Speaking of the QA for the app marketplace: The Android app market is suffering because of its open-source nature; anyone can develop on it, leading to a wide variety of bad software available for download.
I disagree with you on this: yes, "anyone" can develop Android apps. But "anyone" can write an application for Windows too. Actually, it's even easier to develop for Windows because you can just use VB or something. Does this mean that Windows is bad? Because there are too many questionable pieces of software available for download for it? Go to download.com or something, there are millions of crappy pieces of software.
I get that it's good that Apple QA's their apps, but they QA to screen out malware and things like that: they don't necessarily reject apps because their quality is questionable. Aren't their numerous iPhone apps that just play fart sounds?
To complain about the open-source nature of the marketplace is a little silly given that's essentially how the personal computing market has largely functioned for the past couple of decades.
And like any other open marketplace, the cream tends to rise to the top. I think Android's App Market does a pretty good job of presenting users with quality apps. And if you don't like that, you can use Amazon's App Store.
Nobody ever complains that books are dumb because any moron can get a book printed up...
Apple is controlled in most things it does. I visited its assembly plants in Asia and was impressed even in these remote sites how controlled the environment is compared to other manufacturers. Google Android is more embrionic at this stage but as it develops it will learn where to control and where not to. I believe the original article stimulated a very interesting response and both views have merit. Apple performance as a company is simply fantastic as it continues to roll out world beating desirable products. I wonder how this might change when CEOs change?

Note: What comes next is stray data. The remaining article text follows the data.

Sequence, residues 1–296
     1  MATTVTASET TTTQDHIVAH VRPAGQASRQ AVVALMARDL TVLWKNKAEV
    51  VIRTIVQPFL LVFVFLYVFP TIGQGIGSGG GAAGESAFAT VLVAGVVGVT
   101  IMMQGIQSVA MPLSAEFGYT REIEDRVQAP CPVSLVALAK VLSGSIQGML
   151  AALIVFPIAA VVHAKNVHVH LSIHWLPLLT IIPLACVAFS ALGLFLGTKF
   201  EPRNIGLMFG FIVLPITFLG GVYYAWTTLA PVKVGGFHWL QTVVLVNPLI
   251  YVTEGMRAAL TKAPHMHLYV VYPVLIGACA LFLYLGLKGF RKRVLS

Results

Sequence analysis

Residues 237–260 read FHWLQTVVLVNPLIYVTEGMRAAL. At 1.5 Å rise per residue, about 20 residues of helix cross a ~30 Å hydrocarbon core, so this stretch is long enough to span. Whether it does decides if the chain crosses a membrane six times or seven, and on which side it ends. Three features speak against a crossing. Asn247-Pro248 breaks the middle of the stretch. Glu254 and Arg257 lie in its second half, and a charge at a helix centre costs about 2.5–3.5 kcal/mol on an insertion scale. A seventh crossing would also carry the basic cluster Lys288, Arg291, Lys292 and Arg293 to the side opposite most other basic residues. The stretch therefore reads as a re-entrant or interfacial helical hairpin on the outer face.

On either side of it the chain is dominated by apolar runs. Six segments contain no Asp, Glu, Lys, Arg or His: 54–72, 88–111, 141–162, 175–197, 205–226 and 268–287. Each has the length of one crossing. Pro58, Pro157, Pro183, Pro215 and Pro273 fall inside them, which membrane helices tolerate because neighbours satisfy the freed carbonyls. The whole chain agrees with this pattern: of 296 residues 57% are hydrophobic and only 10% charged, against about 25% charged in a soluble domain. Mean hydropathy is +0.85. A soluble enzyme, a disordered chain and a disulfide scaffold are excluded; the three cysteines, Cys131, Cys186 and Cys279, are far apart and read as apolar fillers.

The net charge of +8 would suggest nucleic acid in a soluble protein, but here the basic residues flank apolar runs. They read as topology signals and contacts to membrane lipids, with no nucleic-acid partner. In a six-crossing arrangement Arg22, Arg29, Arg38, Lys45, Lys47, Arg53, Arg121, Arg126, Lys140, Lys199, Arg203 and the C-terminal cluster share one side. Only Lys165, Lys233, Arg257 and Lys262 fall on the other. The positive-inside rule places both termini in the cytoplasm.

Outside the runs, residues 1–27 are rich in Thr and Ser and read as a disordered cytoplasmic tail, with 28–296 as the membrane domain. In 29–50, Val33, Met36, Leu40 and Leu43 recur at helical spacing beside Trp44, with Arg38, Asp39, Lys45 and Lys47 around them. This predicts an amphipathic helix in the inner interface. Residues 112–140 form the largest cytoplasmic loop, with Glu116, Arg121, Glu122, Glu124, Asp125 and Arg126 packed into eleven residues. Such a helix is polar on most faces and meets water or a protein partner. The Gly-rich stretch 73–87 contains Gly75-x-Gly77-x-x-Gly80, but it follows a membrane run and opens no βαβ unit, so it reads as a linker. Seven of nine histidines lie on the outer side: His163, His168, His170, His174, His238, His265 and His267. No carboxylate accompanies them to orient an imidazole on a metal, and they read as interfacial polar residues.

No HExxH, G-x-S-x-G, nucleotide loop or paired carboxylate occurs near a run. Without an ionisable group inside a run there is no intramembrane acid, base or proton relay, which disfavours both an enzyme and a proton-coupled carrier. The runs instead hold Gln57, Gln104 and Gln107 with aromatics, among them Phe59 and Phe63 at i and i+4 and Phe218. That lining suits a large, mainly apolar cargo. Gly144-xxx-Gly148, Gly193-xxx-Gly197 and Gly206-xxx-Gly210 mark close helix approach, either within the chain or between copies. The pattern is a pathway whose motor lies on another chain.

Yes, anyone can develop apps for Windows, but the difference between Android and Windows is that Android has one hub to download apps from. For Windows, users would go to the store and get whatever was on the shelf, as time progressed, CNET created download.com where you could trust that there were no viruses or whatnot. These online places developed over time, yet there is still no single hub where everyone goes to download software.
The open-source nature of the Android market is a problem only because thats the only place to get software. I can't trust the software I download from Android, but I can trust it from Apple. Thats affecting how people view the ease of use of these two different products.
There are numerous downloads that play fart sounds. I'm not talking about questionable taste, but bad software - ie, maleware, causes crashes, poorly written, bloated, etc etc.
Another problem with open source dev for android is that the fart apps on Apple only have 1 hardware set, but android suffers from the same problems that early windows programs do, Having to deal with multiple screen sizes makes developing more difficult, and with less QA the apps are even more lacking.
And offering to send me to the Amazon market place goes to show that these open source markets just aren't perfect yet. Is Apple? No, but its better. I'm not even sure that most people know there are a handful of much smaller market places out there.
And people complain all the time that books are dumb because anyone can print them out. Amazon's print on demand has caused quite a stir in the publishing world. Most people go through publishers, where they do QA testing. It just depends on who you're listening to.
We may not agree on this point, but thanks for the feedback! Hopefully it the future it will be a moot discussion.